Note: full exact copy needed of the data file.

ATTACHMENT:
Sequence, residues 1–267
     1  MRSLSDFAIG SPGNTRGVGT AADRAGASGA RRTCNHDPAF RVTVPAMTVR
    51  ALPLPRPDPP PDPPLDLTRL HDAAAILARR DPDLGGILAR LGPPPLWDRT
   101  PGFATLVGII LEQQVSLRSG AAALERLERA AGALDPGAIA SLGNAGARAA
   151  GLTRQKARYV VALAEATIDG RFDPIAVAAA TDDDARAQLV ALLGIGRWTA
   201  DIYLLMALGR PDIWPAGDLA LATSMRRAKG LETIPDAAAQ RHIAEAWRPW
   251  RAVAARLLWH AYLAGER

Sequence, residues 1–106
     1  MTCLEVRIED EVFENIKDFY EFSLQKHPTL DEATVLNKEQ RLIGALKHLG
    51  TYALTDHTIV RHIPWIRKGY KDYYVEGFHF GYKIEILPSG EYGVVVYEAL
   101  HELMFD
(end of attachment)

Sequence, residues 1–267
     1  MRSLSDFAIG SPGNTRGVGT AADRAGASGA RRTCNHDPAF RVTVPAMTVR
    51  ALPLPRPDPP PDPPLDLTRL HDAAAILARR DPDLGGILAR LGPPPLWDRT
   101  PGFATLVGII LEQQVSLRSG AAALERLERA AGALDPGAIA SLGNAGARAA
   151  GLTRQKARYV VALAEATIDG RFDPIAVAAA TDDDARAQLV ALLGIGRWTA
   201  DIYLLMALGR PDIWPAGDLA LATSMRRAKG LETIPDAAAQ RHIAEAWRPW
   251  RAVAARLLWH AYLAGER

Sequence, residues 1–106
     1  MTCLEVRIED EVFENIKDFY EFSLQKHPTL DEATVLNKEQ RLIGALKHLG
    51  TYALTDHTIV RHIPWIRKGY KDYYVEGFHF GYKIEILPSG EYGVVVYEAL
   101  HELMFD